During the War of the First Coalition, General der Kavallerie Wurmser's Austro-Allied army threatened to invade Alsace. Accordingly, the French Army of the Rhine manned the Lines of Weissenburg, a line of earthworks dating back to the War of the Spanish Succession. The lines began near Wissembourg and stretched about 20 kilometers in an east-southeasterly direction to the Rhine River at Lauterbourg. This traces the modern-day France-Germany border.
The War of the First Coalition is the traditional name of the wars that several European powers fought between 1792 and 1797 against the French First Republic. Despite the collective strength of these nations compared with France, they were not really allied and fought without much apparent coordination or agreement. Each power had its eye on a different part of France it wanted to appropriate after a French defeat, which never occurred.
A general officer is an officer of high rank in the army, and in some nations' air forces or marines.
Alsace is a cultural and historical region in eastern France, on the west bank of the upper Rhine next to Germany and Switzerland.
During this period, the Army of the Rhine's command structure remained chaotic. In July 1793, Adam Philippe Custine was replaced in command; he was guillotined at the end of August. General of Division (MG) Charles de Landremont became commander on 18 August and served until 29 September when he was arrested for treason. Unlike his predecessor MG Alexandre, vicomte de Beauharnais who was guillotined in July 1794, Landremont survived the experience, dying in 1818. MG Meunier took command for two days until his replacement by MG Jean Carlenc on 2 October. MG Charles Pichegru replaced Carlenc on 27 October. At the same time, MG Lazare Hoche assumed overall command of both the Army of the Moselle and Pichegru's Army of the Rhine.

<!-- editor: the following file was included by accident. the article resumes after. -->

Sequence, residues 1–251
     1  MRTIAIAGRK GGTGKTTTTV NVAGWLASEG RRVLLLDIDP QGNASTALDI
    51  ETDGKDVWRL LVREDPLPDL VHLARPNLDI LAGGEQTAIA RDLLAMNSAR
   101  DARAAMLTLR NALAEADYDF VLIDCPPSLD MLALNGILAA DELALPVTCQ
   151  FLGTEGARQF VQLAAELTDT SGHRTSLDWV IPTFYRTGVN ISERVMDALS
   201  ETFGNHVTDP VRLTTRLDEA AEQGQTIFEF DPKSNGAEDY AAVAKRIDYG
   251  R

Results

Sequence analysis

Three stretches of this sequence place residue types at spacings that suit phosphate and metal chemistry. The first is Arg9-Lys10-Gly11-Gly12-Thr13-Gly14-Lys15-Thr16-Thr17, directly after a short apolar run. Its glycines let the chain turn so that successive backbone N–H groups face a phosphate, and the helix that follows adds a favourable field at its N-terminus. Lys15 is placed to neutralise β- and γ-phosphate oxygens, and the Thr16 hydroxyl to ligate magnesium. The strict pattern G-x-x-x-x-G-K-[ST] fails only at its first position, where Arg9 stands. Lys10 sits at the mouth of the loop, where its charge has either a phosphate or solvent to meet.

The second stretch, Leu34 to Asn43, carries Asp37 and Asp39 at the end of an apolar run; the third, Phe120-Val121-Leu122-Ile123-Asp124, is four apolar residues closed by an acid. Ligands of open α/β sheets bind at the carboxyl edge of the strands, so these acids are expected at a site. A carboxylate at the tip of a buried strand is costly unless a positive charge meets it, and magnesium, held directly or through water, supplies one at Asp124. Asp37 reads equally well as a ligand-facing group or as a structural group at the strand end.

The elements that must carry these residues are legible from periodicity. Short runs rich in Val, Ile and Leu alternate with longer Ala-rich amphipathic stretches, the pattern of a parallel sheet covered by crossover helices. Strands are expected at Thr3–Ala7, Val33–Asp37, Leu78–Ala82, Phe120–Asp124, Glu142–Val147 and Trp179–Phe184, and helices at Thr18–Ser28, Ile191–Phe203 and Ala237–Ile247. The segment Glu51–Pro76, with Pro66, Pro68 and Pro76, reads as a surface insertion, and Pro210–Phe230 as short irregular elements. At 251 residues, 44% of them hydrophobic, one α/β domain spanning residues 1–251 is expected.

Adam Philippe, Comte de Custine was a French general. As a young officer in the Bourbon Royal army, he served in the Seven Years' War. In the American Revolutionary War he joined Rochambeau's Expédition Particulière supporting the American colonists. Following the successful Virginia campaign and the Battle of Yorktown, he returned to France and rejoined his unit in the Royal Army.
Louis Lazare Hoche was a French soldier who rose to be general of the Revolutionary army. He won a victory over Royalist forces in Brittany. His surname is one of the names inscribed under the Arc de Triomphe, on Column 3. Richard Holmes says he was, "quick-thinking, stern, and ruthless...a general of real talent whose early death was a loss to France."
The Army of the Moselle was a French Revolutionary Army from 1791 through 1795. It was first known as the Army of the Centre and it fought at Valmy. In October 1792 it was renamed and subsequently fought at Trier, First Arlon, Biesingen, Kaiserslautern, Froeschwiller and Second Wissembourg. In the spring of 1794 the left wing was detached and fought at Second Arlon, Lambusart and Fleurus before being absorbed by the Army of Sambre-et-Meuse. In late 1794, the army captured Trier and initiated the Siege of Luxembourg. During the siege, the army was discontinued and its divisions were assigned to other armies.